I’ve been publishing for in various formats for nearly 10 years now, and I have to admit I’m really enjoying some of the features of blogging. Aside from writing in a more personal voice, I actually appreciate the near instant feedback- from anyone- anywhere- of the blogosphere. I actually enjoy having my ideas challenged and debated.

A couple days ago I posted a somewhat lengthy rant on disclosure. Not that I think disclosure is bad, but that we aren’t always willing to discuss the deeper motivations of those involved, on all sides, and admit that in many cases the process can favor the bad guys. In the information security world we often state that “security through obscurity” never works and secrets always leak. I stated:

But in the world of traditional security, obscurity sure as hell works. Not all bad guys are created equal, and the harder I make it for them to find the hole in my security system, the harder it is for a successful attack. Especially if I know where the hole is and fix it before they find it. Secrets can be good.

And Martin Mckeay called me on it here. So did the ever-present Mike Rothman here.

Martin stated:

One more minor issue I have with the article is the use of security through obscurity: while this works for a while, security through obscurity is the most brittle of all types of security. All it takes is one hacker releasing his notes on your security vulnerability and what little security you had because of the lack of knowledge is gone. I sure don’t want my bank relying on security through obscurity to protect my bank account. Not that they’d get much right now, a couple of days before the end of the month

I agree completely. Martin’s bank funds are running a little low Security through obscurity only works for a limited amount of time. Eventually someone will reverse engineer the patch or figure out the vulnerability on their own. Also while it might now be important for every sysadmin to know the details of a flaw, it’s sure important for security vendors to get a peek before the bad guys so the good guys can try and shield any attacks.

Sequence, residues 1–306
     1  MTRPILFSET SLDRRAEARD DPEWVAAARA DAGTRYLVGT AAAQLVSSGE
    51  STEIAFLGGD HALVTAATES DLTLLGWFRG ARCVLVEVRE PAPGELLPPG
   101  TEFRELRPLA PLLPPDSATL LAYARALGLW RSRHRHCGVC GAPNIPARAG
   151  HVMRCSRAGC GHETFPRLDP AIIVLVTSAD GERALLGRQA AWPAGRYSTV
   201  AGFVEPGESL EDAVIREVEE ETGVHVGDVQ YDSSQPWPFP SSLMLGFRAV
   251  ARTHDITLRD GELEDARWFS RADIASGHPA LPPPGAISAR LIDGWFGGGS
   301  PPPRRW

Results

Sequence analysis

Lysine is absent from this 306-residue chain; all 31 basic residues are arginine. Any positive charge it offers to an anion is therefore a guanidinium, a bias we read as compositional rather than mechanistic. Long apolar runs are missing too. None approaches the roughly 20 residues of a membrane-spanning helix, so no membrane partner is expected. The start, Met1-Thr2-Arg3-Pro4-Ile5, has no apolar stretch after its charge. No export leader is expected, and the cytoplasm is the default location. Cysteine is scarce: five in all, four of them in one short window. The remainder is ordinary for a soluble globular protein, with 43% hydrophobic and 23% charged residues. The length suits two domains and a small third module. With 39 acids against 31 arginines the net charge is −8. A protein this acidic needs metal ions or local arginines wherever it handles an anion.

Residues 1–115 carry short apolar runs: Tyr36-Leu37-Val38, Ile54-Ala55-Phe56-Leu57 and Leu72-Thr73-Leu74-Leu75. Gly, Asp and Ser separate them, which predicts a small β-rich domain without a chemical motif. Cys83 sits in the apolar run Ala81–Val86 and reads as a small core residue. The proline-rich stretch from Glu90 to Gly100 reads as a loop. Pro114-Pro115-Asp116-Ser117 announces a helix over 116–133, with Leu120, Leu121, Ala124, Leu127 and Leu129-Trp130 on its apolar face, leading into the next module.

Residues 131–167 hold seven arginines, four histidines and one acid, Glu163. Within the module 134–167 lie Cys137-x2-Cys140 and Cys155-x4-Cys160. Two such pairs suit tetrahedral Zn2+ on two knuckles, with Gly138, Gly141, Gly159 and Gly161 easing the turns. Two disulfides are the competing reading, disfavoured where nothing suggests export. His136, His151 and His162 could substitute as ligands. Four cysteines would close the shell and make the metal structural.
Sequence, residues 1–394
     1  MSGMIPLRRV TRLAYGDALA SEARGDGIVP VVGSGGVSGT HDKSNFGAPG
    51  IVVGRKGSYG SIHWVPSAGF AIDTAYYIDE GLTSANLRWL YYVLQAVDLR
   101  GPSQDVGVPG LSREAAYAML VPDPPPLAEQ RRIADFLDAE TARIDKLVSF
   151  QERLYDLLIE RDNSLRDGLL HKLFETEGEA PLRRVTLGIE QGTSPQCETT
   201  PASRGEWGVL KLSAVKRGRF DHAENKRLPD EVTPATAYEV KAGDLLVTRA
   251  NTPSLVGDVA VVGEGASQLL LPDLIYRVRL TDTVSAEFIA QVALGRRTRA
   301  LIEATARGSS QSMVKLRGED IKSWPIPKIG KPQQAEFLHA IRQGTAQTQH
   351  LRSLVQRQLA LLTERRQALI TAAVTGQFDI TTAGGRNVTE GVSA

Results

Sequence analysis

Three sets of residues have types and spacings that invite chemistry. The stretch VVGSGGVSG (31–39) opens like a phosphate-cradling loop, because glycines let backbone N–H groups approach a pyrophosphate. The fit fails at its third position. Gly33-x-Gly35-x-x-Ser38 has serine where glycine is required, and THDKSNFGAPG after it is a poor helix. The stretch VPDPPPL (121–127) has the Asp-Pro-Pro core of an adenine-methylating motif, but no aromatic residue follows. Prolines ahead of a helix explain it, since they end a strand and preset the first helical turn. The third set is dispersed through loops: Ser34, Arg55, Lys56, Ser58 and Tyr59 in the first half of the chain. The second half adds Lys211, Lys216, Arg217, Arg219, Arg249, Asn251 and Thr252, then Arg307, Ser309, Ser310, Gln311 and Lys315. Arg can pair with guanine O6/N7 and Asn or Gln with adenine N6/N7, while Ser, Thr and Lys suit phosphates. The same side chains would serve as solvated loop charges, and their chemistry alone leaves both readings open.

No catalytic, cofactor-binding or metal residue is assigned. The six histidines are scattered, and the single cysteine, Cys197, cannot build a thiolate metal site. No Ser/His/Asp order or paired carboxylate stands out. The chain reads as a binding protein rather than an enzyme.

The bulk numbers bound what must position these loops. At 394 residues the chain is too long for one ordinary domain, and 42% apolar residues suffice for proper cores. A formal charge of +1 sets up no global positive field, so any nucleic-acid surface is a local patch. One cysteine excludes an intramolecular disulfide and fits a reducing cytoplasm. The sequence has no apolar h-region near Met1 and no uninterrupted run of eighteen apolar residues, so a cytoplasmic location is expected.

Mike says,

Since most of the bad guys would just as soon take the path of least resistance, obscuring information about vulnerabilities is a short term strategy that works.

And that’s the point I meant to make. These days a few weeks can mean the difference between completely shielding and patching your environment, or getting nailed by the early exploits. This wasn’t true a few years ago, but it’s true today. Automated tools are making exploit development much easier and faster- we need to start dropping some obstacles. We’re just trying to slow down the mass exploits and the script kiddies long enough to give us a fighting chance.

That said product vendors need to work more with security vendors on “staged disclosure” (I like to make up phrases, later I’ll make up an acronym just for the fun of it). Security vendors need more detailed vulnerability details to better tune their products before exploits appear. They shouldn’t have to reverse engineer product patches to do this. This also means those security vendors need to share vulnerability details instead of treating them like their own IP. Finally, product vendors need to provide their customers enough information for them to make an appropriate risk decision. Too much information helps the bad guys, but too little hurts the good guys.

Then again, perhaps that’s just responsible disclosure…

(edited 9/1 )

Just to clarify- I, in no way, think security through obscurity alone is a meaningful security control on its own. I think it can be a useful tool to buy us time, but we should never rely on it. It’s just too fragile.